Canada’s House of Commons has overwhelmingly voted on Feb. 22 to label China’s treatment of the Uighur minority in its northwestern Xinjiang region as genocide.
The motion received 266 votes in favor. Zero opposed while two members of parliament formally abstained.
Prime Minister Justine Trudeau and majority of his cabinet were absent for the vote. Foreign Affairs Minister Marc Garneau was the only member of Trudeau’s cabinet to appear, but he chose to abstain “on behalf of the government of Canada.”
After the vote, Garneau issued a statement, saying that the Canadian government remains “deeply disturbed by horrific reports of human rights violations in Xinjiang, including the use of arbitrary detention, political re-education, forced labor, torture, and forced sterilization.”
“The Government of Canada will continue to work with international partners to defend vulnerable minorities and we once again repeat our call for transparency and a credible international investigation in response to allegations of genocide,” Garneau also stated.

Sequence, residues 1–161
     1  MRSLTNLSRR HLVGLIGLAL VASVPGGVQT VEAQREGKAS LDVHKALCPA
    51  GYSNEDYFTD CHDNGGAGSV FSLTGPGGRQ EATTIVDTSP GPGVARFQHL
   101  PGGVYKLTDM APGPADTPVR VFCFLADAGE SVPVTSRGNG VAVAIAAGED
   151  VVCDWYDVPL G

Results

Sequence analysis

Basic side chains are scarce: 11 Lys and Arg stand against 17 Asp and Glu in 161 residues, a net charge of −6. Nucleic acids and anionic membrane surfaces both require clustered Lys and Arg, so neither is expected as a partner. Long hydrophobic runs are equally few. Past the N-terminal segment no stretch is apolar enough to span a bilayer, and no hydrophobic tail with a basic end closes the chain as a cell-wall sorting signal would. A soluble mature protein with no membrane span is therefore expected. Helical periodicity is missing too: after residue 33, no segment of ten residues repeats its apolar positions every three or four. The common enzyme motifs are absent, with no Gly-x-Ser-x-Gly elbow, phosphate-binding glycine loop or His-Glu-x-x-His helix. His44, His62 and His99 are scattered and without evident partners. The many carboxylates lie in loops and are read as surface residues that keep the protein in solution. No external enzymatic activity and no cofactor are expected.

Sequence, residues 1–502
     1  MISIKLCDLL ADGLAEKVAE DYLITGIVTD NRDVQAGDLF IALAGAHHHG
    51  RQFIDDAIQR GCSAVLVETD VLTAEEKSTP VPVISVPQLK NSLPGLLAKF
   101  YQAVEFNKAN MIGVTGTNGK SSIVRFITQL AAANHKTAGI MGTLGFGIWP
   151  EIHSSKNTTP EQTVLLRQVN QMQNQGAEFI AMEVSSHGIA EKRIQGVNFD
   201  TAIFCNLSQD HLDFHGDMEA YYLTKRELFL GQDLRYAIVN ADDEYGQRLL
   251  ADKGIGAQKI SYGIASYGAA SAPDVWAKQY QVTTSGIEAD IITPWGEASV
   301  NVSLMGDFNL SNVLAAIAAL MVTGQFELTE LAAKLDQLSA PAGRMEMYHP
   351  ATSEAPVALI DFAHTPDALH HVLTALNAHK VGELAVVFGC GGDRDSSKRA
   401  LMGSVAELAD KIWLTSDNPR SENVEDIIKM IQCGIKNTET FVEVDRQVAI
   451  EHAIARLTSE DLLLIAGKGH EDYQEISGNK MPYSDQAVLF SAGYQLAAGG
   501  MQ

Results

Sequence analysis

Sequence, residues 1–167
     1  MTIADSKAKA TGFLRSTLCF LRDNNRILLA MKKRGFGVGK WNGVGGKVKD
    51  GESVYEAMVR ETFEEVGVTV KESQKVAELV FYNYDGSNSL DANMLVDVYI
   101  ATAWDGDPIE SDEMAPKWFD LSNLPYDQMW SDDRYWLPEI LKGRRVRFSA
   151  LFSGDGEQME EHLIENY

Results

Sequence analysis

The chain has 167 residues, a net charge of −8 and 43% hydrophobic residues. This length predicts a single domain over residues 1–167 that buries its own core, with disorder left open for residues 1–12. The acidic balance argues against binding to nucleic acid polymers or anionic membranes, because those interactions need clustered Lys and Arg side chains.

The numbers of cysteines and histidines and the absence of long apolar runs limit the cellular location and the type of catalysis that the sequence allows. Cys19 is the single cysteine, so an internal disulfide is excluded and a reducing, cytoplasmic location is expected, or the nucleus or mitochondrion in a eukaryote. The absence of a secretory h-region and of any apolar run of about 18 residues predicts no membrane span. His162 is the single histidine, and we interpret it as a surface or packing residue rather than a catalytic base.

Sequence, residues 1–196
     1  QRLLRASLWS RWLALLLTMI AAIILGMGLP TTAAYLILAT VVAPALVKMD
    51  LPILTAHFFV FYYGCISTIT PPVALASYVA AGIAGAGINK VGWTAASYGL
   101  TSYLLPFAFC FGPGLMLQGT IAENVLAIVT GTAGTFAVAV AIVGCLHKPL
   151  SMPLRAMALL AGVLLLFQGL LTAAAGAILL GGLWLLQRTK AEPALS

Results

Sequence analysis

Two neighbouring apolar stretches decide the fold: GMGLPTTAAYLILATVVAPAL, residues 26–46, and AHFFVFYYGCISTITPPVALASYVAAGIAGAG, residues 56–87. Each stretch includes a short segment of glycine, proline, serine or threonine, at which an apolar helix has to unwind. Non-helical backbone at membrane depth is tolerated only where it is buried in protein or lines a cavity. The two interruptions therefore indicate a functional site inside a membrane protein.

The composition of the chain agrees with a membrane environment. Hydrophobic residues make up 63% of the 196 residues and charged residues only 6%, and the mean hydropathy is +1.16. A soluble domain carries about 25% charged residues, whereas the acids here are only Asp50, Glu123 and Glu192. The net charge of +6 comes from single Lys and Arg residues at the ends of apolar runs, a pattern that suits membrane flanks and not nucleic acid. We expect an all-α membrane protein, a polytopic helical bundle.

China’s Ambassador to Canada Cong Peiwu denounced the motion, telling the Canadian Press that China “expresses its strong dissatisfaction and firm opposition” on the motion.
Peiwu further said that the affairs in Xinjiang were “purely internal” and that “no external forces have the right to interfere.”
“We urge the Canadian side to take seriously China’s solemn position, respect the facts, discard prejudice, and correct mistakes, immediately cancel the relevant motions, stop interfering in China’s internal affairs by any means, so as not to cause further damages to China-Canada relations,” Peiwu said.
According to reports, one million Uighurs are detained in camps, which the Chinese government said were “re-education” camps aimed at fighting against extremism.
Uighur detainees also alleged systemic rape and sexual violence in the camps, according to a BBC News report released earlier this month.